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Illustration: Aïda Amer/Axios

The coronavirus pandemic has had a big impact on working people, who are increasingly banding together to put pressure on employers and raise public awareness about health and safety issues they're facing on the job.

Why it matters: After years of declining union membership, a new labor movement is rising, amplified by the power of social media and fueled by concerns that workers deemed essential during the crisis are putting their lives at risk to ensure the well-being of others.

Driving the news: Some Whole Foods employees used an online petition to organize a so-called sick out Tuesday, demanding double hazard pay, a day after workers at Amazon and Instacart staged other actions.

Unionized nurses, flight attendants and auto workers have all leveraged their collective voices in recent weeks to try to influence policy and corporate decision-making during the crisis.

  • The United Auto Workers union — which has had at least nine of its members succumb to the disease in the past week — pressured Detroit carmakers to close their factories on March 18 until social distancing protocols could be established.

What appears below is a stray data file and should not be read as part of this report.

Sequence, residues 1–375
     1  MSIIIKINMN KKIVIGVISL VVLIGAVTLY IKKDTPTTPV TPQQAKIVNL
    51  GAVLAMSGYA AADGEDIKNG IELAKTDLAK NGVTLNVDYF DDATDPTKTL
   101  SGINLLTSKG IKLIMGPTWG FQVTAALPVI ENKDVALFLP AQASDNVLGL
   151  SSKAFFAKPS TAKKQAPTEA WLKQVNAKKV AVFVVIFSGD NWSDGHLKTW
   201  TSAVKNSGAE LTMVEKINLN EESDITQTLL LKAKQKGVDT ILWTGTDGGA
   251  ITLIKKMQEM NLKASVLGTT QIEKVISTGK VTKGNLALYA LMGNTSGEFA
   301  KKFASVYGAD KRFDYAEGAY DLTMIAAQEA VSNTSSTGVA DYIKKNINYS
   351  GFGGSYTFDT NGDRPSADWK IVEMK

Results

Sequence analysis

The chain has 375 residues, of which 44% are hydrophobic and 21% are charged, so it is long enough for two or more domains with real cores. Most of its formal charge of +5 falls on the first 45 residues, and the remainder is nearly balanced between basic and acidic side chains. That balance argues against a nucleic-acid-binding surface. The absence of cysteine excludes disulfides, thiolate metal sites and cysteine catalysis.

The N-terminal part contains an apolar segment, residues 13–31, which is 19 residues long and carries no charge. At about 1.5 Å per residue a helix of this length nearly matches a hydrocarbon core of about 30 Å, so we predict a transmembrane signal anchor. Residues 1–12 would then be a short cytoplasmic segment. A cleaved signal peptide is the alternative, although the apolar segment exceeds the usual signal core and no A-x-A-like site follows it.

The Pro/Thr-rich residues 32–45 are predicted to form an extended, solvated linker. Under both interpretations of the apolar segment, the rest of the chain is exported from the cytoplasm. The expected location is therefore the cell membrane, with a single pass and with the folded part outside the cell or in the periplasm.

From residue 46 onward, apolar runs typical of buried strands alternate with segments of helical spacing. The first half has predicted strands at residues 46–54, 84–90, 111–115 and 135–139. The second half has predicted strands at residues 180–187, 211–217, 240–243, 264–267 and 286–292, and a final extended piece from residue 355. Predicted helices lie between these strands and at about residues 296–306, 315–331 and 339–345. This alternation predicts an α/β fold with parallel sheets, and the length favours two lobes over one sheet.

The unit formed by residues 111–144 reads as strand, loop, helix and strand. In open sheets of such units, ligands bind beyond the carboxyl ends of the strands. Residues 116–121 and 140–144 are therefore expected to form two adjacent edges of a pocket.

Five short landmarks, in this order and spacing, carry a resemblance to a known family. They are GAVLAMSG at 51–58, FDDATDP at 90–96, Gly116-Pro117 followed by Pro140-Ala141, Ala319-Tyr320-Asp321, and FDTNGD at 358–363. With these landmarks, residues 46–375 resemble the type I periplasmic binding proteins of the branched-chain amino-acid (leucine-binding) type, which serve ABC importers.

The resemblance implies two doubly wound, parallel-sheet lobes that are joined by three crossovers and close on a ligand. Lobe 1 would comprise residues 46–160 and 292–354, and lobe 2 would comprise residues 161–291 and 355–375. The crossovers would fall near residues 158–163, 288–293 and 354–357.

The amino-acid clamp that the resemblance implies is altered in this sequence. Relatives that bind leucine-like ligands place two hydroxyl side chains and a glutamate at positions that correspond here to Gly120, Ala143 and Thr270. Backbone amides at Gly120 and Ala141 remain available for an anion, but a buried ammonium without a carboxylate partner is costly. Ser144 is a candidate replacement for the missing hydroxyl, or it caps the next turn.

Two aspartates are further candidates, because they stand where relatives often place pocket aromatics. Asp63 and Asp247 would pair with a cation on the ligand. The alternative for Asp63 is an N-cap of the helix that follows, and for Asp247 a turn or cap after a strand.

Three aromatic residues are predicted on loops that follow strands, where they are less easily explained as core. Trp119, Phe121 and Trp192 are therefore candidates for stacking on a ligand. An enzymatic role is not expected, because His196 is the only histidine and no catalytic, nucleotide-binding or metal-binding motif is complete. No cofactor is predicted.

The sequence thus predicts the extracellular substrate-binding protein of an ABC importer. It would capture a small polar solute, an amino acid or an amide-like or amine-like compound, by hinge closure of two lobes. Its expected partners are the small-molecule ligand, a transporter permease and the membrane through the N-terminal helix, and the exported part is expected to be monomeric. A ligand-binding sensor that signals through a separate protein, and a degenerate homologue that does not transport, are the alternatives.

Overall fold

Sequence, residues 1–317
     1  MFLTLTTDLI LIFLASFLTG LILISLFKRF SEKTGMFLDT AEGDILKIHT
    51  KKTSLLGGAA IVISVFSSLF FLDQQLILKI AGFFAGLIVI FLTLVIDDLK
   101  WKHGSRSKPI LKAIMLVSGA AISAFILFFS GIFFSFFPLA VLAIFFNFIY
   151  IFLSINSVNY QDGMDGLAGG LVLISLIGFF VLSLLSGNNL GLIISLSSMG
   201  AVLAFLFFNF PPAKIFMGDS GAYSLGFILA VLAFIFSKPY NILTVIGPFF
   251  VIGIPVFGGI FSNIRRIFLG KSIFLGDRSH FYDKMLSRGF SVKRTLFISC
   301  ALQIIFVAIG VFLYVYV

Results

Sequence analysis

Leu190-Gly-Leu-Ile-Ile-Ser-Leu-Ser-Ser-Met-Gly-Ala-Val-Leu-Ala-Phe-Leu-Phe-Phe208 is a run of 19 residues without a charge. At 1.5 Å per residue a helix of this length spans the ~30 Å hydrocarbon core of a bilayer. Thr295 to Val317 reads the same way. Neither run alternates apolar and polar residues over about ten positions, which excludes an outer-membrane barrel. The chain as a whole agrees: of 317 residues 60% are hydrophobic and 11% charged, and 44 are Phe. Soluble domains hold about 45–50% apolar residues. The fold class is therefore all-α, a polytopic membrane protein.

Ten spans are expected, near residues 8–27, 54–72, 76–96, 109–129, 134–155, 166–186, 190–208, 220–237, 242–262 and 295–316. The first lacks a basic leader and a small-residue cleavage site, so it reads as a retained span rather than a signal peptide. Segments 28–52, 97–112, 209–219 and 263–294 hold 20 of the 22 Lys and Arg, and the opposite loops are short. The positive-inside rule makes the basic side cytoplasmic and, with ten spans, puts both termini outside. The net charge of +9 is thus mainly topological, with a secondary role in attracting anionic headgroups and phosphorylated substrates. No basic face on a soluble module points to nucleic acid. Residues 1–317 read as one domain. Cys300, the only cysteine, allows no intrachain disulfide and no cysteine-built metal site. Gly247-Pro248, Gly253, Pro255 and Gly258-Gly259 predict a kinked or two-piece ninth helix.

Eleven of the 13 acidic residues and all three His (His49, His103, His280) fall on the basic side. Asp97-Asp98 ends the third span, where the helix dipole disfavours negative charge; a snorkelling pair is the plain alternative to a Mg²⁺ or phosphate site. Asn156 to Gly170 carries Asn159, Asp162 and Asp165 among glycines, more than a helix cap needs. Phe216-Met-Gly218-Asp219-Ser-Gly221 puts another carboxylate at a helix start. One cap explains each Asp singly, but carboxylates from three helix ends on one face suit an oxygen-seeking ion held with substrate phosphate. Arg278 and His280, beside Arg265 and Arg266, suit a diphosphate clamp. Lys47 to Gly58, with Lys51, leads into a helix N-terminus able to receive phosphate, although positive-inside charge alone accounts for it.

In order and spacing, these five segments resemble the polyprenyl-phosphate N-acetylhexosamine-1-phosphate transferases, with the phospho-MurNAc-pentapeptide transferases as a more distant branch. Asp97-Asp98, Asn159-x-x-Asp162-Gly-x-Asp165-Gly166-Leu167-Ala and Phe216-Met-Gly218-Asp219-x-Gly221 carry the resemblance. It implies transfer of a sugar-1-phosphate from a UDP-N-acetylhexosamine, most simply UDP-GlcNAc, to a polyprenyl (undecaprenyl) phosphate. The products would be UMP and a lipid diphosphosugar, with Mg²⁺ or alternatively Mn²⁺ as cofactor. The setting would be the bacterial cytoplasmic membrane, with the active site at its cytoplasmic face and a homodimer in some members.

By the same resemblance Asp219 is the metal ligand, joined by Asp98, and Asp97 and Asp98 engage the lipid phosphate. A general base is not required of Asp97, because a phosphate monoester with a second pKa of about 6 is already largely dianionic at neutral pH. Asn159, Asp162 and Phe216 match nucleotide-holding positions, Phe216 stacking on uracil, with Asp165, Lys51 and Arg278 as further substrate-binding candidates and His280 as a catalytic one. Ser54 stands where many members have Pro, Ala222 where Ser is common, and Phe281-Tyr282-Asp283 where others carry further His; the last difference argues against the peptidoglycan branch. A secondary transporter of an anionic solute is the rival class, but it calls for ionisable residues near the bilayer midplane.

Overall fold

• Nurses in New York, Georgia, Illinois and California staged protests this week calling for more personal protective equipment (PPE) like masks, gloves and gowns.
  • The Association of Flight Attendants union successfully made its case to Congress to assist aviation employees in the $2 trillion stimulus bill approved last week: even with drastically decreased air traffic, the workers will still get paid.
  • “Hundreds of thousands of people sent letters and made calls. Together, we achieved something unheard of in American history: relief crafted for workers, by workers,” union President Sara Nelson told Yahoo Finance.

The intrigue: Social media is proving to be a new avenue for workers to organize.

  • "I think we could be on the cusp of a whole new wave of worker actions, and organizing, though not necessarily through traditional unions," MIT Professor Thomas Kochan tells Axios.
  • "Yesterday’s break room is today’s Slack chat," agrees AFL-CIO spokesman Tim Schlittner. "It's an incredible tool in bringing people together and can serve a really important role in growing the labor movement."